When I was 7 years old my dad owned a 1984 VK Holden Commodore. Full of rust and kilometres, it was far from a perfect car, but there was something about the smell of its dirty carburettor-ed petrol engine that would always put a smile on my face. I would’ve been under 10-years old when I knew that I was a true petrol-head. This is why when I had the opportunity to drive a brand new all-electric vehicle for the day I jumped at the chance. Previously I would have never considered buying an EV, but I had to try one to be sure if anything could change my mind.
The Nissan Leaf is the cheapest EV on the market today. It’s no Tesla, but that is by no means a bad thing. Just because you own an electric shouldn’t have to mean you need the most expensive gadgetry and supercar-acceleration to go along with it. The Leaf doesn’t really feel too different from most other petrol-engined cars its size, with the only concernable difference being that if you own one you are going to save a hefty amount of money on petrol bills. The Leaf retails at around $58,000 which is roughly twice as much as a Mazda 3 (a similar but petrol-engined vehicle). In the last financial year I spent approximately $3,000 on petrol costs so if I bought a Leaf purely to save on petrol I wouldn’t begin to see a return until after owning it for 10 years (assuming petrol prices remain the same). This isn’t totally unreasonable and of course with an EV you have the added bonus of keeping the Earth a little greener. Is that enough to sway me? We’ll get to that later.
Hitting the road on the Leaf and it drives similarly to how other cars its size do with only one significant difference – the E-Pedal. This feature can be toggled on or off and essentially removes the need for a brake pedal. If active, the car will not roll at idle and any time your foot isn’t on the accelerator the brake is automatically depressed. The idea of this is to create a smoother and more seamless driving experience, and while it feels unusual at first it’s actually surprisingly easy to get used to.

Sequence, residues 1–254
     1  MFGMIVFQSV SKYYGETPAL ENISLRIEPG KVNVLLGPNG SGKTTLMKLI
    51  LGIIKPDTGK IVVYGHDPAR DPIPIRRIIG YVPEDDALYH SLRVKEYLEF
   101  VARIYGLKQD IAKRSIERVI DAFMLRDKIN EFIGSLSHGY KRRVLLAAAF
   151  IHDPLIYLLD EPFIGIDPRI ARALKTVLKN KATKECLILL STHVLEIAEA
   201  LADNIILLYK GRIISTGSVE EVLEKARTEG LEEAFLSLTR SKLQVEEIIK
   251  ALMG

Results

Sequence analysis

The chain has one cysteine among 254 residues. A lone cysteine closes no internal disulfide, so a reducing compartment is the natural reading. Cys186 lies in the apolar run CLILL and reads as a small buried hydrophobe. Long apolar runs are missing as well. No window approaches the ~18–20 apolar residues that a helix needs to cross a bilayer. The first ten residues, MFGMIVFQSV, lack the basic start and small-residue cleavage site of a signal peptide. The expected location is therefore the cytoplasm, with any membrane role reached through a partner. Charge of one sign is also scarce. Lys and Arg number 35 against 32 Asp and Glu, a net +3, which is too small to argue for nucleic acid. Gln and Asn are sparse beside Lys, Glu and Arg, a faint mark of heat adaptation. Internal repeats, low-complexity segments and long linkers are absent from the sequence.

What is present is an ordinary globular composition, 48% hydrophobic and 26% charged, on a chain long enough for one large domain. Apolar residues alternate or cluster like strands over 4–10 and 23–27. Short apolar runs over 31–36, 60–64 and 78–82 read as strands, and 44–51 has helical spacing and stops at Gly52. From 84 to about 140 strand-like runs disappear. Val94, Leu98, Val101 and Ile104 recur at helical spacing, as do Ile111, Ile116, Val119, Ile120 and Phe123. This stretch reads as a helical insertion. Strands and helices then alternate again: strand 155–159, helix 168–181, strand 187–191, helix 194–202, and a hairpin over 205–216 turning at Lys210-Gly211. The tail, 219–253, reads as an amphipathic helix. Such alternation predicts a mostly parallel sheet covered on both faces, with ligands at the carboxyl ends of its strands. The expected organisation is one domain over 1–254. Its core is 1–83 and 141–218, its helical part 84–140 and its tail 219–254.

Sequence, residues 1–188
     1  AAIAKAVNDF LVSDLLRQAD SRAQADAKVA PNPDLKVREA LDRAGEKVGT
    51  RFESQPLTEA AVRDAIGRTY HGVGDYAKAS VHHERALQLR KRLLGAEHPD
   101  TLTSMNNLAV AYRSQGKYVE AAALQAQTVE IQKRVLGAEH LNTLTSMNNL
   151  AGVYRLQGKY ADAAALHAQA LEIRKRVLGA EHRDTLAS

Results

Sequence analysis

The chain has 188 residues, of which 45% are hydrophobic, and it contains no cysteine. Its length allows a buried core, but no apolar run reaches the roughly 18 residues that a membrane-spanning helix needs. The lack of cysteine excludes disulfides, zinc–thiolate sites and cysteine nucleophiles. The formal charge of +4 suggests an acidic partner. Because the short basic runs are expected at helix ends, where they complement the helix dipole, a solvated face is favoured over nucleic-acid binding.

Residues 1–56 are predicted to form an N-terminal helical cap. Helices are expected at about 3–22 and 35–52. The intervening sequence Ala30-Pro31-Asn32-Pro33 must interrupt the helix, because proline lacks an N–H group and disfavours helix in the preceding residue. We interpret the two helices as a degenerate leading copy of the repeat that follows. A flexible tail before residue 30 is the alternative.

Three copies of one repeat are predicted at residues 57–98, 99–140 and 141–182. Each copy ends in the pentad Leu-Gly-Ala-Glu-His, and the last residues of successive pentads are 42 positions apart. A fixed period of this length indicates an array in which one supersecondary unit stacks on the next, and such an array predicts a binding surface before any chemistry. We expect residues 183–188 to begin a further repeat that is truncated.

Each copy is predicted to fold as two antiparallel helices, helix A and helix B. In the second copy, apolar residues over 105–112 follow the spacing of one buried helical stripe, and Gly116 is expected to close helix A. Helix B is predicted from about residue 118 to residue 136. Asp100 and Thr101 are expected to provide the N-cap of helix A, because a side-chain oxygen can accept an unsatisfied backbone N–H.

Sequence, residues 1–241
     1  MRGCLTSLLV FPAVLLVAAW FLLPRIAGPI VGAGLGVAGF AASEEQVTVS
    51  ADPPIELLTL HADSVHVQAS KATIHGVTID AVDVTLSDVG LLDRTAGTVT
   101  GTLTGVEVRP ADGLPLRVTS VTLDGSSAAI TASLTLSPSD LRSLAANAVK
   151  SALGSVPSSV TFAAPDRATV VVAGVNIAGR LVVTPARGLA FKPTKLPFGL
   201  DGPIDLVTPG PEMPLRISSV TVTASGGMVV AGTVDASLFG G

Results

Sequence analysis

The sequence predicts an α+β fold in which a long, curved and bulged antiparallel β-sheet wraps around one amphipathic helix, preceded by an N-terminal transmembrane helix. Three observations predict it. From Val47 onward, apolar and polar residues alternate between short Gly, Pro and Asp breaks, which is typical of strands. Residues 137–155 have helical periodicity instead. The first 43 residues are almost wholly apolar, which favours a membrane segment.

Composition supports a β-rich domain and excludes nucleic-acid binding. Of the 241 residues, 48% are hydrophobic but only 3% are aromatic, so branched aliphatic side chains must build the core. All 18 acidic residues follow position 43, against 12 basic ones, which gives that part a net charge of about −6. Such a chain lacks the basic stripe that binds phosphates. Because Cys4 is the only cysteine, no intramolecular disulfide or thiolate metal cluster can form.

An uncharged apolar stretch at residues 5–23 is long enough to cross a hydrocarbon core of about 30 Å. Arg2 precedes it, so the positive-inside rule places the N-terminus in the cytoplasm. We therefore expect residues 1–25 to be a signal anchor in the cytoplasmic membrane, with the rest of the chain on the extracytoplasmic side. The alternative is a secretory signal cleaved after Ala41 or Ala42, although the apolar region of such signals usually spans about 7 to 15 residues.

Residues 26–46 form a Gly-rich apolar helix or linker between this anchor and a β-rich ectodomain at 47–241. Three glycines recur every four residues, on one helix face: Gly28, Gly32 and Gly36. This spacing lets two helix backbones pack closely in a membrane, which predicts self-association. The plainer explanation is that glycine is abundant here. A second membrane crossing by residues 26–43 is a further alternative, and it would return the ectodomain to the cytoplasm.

For urban driving the E-pedal works a treat and can surprise you at how much it changes your driving habits, however on freeways and higher-speed roads it felt a little unorthodox. While on the freeway, I aim to use the brakes the least amount possible while navigating traffic, and adjusting the weight on the accelerator to control the throttle is essential. The E-Pedal takes things an extra step and applies the brakes which is sometimes more than required, and for me this was something I could not get comfortable enough with in the few hours I had to drive it.
Luckily this function can be turned off, and the electronics replicate the feeling of a petrol engine cutting the throttle and letting the car roll through pure momentum. The drawback is this can feel artificial and a little clunky. It’s not terrible, but if you owned a Leaf you would definitely find yourself opting to keep the car on E-Pedal mode and learning the ins-and-outs of how to use it most effectively.
The Leaf was by no means a bad car, and I still wouldn’t trade my petrol-engined car for one, but if you’re not a born petrol-head like I am there’s no reason why YOU shouldn’t. It’s an undeniable fact that fossil fuels won’t last forever, and you have to respect the manufactures and consumers who are already committed to making that transition. Here at FitMyCar, we want to do everything to encourage this. We already offer a great range of products and accessories for Tesla models and the Hyundai Kona EV model. As the range of electric vehicles continues to grow in years to come, there’s no doubt our range will grow along with it. The future has never looked greener!